Pack this one in amber so that later generations will understand the Bush era:
At one point, Parnell said his workers “desperately at least need to turn the raw peanuts on our floor into money” and at another point told his plant manager to “turn them loose” after learning some peanuts were contaminated with salmonella.
The disclosures came in correspondence released by a House Energy and Commerce subcommittee Wednesday during a hearing on the salmonella outbreak that has sickened 600 people, may be linked to eight deaths and has led to one of the largest recalls in history with more than 1,800 product pulled.
A federal criminal investigation is under way.
“We appear to have a total systemic breakdown,” said Rep. Bart Stupak, D-Mich., chairman of the committee’s investigations panel.
Rick Perlstein (writing in early 2007) on what happened to the FDA under Bush:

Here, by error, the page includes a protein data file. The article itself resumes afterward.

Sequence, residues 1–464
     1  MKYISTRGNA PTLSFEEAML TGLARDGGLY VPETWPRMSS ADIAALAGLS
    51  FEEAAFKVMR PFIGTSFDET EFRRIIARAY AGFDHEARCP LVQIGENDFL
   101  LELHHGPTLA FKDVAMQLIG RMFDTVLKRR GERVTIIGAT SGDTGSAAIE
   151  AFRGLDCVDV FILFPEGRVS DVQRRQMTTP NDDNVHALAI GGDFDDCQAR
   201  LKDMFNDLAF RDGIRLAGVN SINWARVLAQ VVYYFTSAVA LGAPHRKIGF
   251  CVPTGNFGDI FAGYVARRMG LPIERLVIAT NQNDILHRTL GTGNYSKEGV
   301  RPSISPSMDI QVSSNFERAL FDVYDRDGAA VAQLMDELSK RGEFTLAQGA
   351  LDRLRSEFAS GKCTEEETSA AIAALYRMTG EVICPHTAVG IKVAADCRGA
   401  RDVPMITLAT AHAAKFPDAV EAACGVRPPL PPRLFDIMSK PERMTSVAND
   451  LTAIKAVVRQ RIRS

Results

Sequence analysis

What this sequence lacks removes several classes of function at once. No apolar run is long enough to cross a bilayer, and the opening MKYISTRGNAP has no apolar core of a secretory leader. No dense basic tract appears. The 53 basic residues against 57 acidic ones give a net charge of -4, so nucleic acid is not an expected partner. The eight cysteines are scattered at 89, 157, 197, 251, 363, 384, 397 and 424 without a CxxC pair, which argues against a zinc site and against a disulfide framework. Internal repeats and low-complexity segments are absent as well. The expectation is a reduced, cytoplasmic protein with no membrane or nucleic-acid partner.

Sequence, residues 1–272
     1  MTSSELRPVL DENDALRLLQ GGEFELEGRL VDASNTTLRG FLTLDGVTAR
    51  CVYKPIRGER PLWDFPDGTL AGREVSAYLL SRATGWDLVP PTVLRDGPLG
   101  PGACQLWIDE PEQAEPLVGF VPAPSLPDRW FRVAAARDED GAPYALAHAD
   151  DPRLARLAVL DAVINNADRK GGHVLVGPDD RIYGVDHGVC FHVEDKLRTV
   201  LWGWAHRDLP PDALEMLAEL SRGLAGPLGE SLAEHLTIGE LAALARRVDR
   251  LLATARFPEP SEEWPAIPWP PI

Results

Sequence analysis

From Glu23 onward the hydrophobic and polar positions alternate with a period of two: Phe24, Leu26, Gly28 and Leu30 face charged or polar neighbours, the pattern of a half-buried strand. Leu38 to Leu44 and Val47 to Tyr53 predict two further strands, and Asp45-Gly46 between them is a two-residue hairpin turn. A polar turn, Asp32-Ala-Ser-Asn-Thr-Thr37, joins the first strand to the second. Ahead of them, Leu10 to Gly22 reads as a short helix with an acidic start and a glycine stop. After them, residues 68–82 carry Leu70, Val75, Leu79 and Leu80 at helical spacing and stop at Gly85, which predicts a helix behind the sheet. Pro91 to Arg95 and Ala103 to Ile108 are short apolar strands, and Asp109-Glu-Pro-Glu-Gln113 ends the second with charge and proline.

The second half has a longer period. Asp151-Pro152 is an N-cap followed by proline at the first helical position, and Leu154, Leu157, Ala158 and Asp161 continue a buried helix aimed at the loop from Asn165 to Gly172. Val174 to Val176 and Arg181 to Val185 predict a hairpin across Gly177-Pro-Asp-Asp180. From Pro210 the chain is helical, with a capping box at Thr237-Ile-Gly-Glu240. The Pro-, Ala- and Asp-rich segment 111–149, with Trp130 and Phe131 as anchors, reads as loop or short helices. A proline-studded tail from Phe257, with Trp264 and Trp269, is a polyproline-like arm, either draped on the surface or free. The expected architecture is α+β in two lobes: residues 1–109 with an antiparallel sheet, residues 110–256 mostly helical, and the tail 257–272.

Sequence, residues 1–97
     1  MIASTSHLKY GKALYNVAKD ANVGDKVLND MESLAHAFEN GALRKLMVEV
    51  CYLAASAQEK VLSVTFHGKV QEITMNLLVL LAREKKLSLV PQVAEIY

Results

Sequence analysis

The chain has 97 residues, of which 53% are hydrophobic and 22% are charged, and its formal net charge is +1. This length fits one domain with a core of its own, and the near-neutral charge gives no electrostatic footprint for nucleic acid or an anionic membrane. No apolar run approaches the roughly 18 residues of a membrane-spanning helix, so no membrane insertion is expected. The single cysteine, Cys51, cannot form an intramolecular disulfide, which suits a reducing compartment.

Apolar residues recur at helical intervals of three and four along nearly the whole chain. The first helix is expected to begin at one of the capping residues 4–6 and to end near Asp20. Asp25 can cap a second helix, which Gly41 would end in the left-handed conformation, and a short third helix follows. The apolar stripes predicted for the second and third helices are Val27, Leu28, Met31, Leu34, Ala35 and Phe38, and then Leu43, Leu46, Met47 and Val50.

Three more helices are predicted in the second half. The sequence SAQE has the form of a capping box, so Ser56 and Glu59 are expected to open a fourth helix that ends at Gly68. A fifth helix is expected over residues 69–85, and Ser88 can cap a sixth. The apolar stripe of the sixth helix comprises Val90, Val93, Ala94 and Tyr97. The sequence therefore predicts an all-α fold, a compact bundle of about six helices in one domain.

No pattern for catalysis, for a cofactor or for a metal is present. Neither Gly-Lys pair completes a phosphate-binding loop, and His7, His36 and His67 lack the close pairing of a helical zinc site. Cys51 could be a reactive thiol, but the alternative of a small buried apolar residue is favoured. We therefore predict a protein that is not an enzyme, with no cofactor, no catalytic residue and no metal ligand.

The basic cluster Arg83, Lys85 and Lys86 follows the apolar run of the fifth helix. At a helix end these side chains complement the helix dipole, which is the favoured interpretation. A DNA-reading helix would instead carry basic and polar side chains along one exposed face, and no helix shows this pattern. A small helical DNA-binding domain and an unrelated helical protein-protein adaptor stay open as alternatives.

The Associated Press studied the records and found that between 2003 and 2006 the Food and Drug Administration conducted 47 percent fewer safety inspections. FDA field offices have 12 percent fewer employees. Safety tests for food produced in the United States have gone down by three quarters—have almost ground to a halt—in the previous year alone.[…..]
Public relations has a lot to do with the way you’ve been learning about the Third Worlding of America’s food safety system. The Georgia source of the bad peanut butter was discovered in the middle of February. The very next day Dole recalled several thousand cartons of cantaloupe that their own “routine” inspections suggested might be carrying salmonella. Four days later, B.J.’s Wholesale Club recalled packaged fresh mushrooms: more routine inspections, this time coming up with E. coli. They always say the inspections are “routine.” But they also always manage to somehow come in clusters.
Connect the dots, and you suddenly notice a lot of these…coincidences.
What do we care if the world is a joke?